Wednesday, October 4, 2017
October 7: Will Alexander & Aldon Lynn Nielsen
This Saturday night, Will Alexander reads at the Poetic Research Bureau with Aldon Lynn Nielsen, who will be launching his new book from Make Now Press, TRAY.
TRAY by A.L. Nielsen
With Tray Aldon Nielsen establishes himself as a formidable voice among American poets. And voice, his forte and bete noire, articulates social criticism as aesthetic form. The incantations of religious and secular crusades are rendered in the eponymous opening poem as live scratching by a deejay (call him History, or God): Gangster Zimmerman as another wanna-be gangsta. And in the poems that constitute “Escamotage,” the second half of the book, Nielsen’s penchant for puns, jokes and blues whimsy are offset by a deft lyricism that is, by turns, poignant (“Interval” is a touching homage to Lucille Clifton’s “The Lost Baby Poem”), humorous (“Clarence Farmer’s Complaint”) and celebratory (“Experimental Hope”). The common senses and uncommon sense delineated as Tray will be balm for our new dark age.
These days we’re trying to save us. These are some good poems about that.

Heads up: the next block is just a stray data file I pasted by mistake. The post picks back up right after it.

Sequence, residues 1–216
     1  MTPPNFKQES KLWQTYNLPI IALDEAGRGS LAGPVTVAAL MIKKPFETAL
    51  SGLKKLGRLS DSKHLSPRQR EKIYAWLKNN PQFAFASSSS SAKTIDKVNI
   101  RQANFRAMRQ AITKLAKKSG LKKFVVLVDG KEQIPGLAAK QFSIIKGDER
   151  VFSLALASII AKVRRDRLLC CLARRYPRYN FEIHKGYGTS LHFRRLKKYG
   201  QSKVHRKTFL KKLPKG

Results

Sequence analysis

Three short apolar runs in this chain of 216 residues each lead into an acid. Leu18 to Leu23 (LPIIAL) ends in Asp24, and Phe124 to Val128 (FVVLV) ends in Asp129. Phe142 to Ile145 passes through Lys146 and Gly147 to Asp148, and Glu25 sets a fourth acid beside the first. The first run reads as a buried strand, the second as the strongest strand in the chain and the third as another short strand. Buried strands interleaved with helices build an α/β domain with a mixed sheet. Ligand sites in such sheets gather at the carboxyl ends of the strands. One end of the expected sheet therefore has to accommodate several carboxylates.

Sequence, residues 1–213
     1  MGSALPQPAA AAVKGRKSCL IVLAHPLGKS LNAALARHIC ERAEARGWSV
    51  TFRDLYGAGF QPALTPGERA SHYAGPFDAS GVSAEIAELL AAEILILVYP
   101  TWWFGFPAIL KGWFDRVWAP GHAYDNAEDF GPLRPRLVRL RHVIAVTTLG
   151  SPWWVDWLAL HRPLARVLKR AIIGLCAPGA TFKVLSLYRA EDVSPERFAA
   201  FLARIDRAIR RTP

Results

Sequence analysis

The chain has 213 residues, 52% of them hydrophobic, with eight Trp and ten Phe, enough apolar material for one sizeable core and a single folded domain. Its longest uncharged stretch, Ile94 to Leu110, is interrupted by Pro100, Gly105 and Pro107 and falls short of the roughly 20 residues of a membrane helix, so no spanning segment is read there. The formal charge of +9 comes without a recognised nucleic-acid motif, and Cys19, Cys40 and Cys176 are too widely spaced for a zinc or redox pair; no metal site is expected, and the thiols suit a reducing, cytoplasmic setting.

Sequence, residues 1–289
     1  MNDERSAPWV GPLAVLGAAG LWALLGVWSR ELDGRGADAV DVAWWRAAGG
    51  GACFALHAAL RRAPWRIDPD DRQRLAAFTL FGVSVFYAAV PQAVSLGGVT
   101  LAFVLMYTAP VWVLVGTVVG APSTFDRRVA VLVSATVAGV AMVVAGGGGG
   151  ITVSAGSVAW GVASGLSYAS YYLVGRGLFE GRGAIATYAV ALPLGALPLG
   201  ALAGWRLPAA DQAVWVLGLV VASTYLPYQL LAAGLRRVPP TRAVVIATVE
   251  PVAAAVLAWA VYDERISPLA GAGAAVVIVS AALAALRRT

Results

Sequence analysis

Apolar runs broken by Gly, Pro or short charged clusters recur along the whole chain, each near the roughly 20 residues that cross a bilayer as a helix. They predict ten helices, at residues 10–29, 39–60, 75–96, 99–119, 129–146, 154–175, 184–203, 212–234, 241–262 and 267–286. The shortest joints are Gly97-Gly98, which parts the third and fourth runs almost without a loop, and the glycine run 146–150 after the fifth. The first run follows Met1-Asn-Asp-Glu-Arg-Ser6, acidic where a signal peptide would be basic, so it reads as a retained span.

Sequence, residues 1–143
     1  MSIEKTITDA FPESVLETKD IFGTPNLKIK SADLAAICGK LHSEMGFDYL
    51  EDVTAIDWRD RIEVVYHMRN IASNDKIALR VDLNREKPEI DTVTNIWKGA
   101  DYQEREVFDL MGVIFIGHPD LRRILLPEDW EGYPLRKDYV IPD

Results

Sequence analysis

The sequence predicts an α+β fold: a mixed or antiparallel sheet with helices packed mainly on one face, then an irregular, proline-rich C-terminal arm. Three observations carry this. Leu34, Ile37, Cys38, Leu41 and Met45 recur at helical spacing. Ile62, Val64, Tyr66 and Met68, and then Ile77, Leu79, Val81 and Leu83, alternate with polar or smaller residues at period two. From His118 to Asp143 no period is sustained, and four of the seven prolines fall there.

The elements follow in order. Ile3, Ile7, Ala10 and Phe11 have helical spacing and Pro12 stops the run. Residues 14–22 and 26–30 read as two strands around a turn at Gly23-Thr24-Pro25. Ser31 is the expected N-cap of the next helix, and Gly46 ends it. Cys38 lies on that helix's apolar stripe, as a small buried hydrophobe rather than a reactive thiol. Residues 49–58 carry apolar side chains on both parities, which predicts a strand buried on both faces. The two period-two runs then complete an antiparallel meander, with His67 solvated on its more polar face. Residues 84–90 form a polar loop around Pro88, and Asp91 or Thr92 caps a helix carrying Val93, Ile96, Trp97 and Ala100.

Will Alexander—poet, novelist, essayist, playwright, aphorist,visual artist, and pianist. He is author of over thirty books in the above mentioned genres. His latest book is one of aphorisms entitled Across The Vapour Gulf.
A.L. Nielsen was the first winner of the Larry Neal Award for poetry, and has appeared in both Best American Poetry (selected by John Ashbery) and Best American Experimental Writing (selected by Tracie Morris and Charles Bernstein). His previous books of poetry include Heat Strings, Evacuation Routes, Stepping Razor, VEXT, Mixage, Mantic Semantic and A Brand New Beggar. He currently serves as the Kelly Professor of American Literature at Penn State University, and previously taught at Howard University, San Jose State, UCLA, Central China Normal University and Loyola Marymount. His books of criticism include Reading Race, Writing between the Lines, C.L.R. James: A Critical Introduction, Black Chant and Integral Music. With Lauri Ramey he has edited two anthologies of innovative writings by African American poets. Other awards include The SAMLA Studies Prize, the Kayden Prize, the Darwin Turner Award, an American Book Award and the Josephine Miles Award. When not teaching at Penn State, he lives in Santa Barbara.